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Looking for high protein flour in Los Angeles - Forno Bravo Forum: The Wood-Fired Oven Community

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  • Looking for high protein flour in Los Angeles

    I'm having trouble finding high gluten flour in the LA area. I live near Roma Market in Pasadena so I have access to "00" flour but a good high protein flour like Power Flour or something similar seems hard to find around here without a restaurant business license. I can get it online but the shipping costs more than the flour and that's just annoying. If anyone has a good source I would greatly appreciate it.

  • #2
    King Arthur (and probably others like Bob's Red Mill) sell "vital wheat gluten". It's cheap, probably having been taken out of all those gluten-free products. You can supplement your flour to achieve whatever protein level you like.
    My build thread: https://tinyurl.com/y8bx7hbd

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    • #3
      Thanks rwiegand! That's a great idea. I'll give that a try.

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      • #4
        For those of us who don't live anywhere near a store that sells vital wheat gluten, I've been trying a DIY method to increase the protein.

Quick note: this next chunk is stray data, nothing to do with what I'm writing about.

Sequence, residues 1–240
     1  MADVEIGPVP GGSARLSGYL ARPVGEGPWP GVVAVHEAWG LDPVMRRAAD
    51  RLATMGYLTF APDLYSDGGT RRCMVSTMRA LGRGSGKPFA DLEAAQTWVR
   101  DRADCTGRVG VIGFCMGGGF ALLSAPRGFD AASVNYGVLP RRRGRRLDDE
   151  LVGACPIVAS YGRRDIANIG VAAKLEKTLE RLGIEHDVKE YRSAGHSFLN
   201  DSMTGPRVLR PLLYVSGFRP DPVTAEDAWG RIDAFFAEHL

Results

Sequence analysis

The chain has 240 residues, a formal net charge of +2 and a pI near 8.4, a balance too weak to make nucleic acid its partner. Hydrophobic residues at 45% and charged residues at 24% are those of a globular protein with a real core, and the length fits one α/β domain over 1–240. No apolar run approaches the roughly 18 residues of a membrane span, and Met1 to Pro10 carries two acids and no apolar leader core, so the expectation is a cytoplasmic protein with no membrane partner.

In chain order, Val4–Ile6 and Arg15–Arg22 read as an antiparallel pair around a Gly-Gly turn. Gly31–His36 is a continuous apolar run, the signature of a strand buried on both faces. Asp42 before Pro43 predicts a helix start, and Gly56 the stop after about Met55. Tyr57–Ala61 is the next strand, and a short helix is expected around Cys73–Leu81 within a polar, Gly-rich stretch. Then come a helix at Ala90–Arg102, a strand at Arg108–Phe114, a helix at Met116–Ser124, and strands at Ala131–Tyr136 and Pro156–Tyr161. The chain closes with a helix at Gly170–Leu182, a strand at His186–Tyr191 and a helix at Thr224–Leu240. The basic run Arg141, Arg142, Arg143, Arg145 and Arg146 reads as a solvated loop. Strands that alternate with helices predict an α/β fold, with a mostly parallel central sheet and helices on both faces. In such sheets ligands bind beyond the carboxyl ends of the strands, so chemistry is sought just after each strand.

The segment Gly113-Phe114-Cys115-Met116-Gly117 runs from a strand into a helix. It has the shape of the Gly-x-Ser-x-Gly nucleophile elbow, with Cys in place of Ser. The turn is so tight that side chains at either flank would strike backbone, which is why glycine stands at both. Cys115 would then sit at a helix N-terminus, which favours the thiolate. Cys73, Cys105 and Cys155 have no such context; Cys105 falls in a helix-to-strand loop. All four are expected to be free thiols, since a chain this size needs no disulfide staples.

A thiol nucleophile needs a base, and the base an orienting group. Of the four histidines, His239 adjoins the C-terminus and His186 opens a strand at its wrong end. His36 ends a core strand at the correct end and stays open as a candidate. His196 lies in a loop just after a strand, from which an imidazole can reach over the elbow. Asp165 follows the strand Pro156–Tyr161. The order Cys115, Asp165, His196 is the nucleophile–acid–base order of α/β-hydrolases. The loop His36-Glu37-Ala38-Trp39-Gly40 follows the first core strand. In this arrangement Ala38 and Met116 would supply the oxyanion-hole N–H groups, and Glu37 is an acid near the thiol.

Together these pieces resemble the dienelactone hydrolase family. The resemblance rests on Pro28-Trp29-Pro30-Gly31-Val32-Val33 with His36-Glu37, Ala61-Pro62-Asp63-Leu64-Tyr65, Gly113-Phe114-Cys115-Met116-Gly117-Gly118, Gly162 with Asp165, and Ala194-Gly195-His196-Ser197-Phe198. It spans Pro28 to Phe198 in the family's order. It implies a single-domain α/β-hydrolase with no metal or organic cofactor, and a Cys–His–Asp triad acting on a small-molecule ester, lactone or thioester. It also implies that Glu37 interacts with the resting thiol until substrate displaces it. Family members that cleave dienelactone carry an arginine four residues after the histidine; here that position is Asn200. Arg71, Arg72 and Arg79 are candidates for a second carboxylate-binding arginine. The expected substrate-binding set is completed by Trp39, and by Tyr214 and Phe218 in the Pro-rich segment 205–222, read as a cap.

It works for me..

        For a batch of dough prepared using 1kg flour @ 60% hydration:

        Take 200g flour .
        Add about 110g water.
        Knead well into a dough.
        Cover and let stand for an hour or two.
        Give the dough an occasional stretch and fold to ensure all the proteins have formed into gluten.

        After a couple of hours, start washing the dough to remove the starch:
        Put a couple of hundred mLs of clean water in the bowl.
        "Scrunch" the dough in your hand in the water.
        The water will go milky white as starch is washed out.
        If you do this right, you'll wash out the starch and leave a glutinous mass behind.
        it takes multiple changes of water to get the gluten starch free.
        About ten changes of water does it for me.

        Once the water is coming away clear, wring the gluten dry-ish, wrap in cling film and throw it in the freezer.

        To use:
        Thaw the gluten.
        Put 600mL of water in the mixing bowl.
        Pull the gluten apart into small pieces and add to the bowl.
        Start mixer and start adding 1kg flour, 1 tsp yeast, 4 tsp salt.
        I find it works best if I stop adding flour about the halfway mark and let the mixer run on that for a while before adding the remainder of the flour.
        Mix until you obtain a smooth dough ball.
        This will take longer than usual, as the mixer needs to pull the small pieces apart and incorporate the extra gluten.

        It will eventually be evenly distributed and undetectable in the dough.
        When it is all done, the dough ball will be noticeably stiffer than usual, and the mixer will be working a lot harder than usual.

        Handle your dough in the usual way from this point.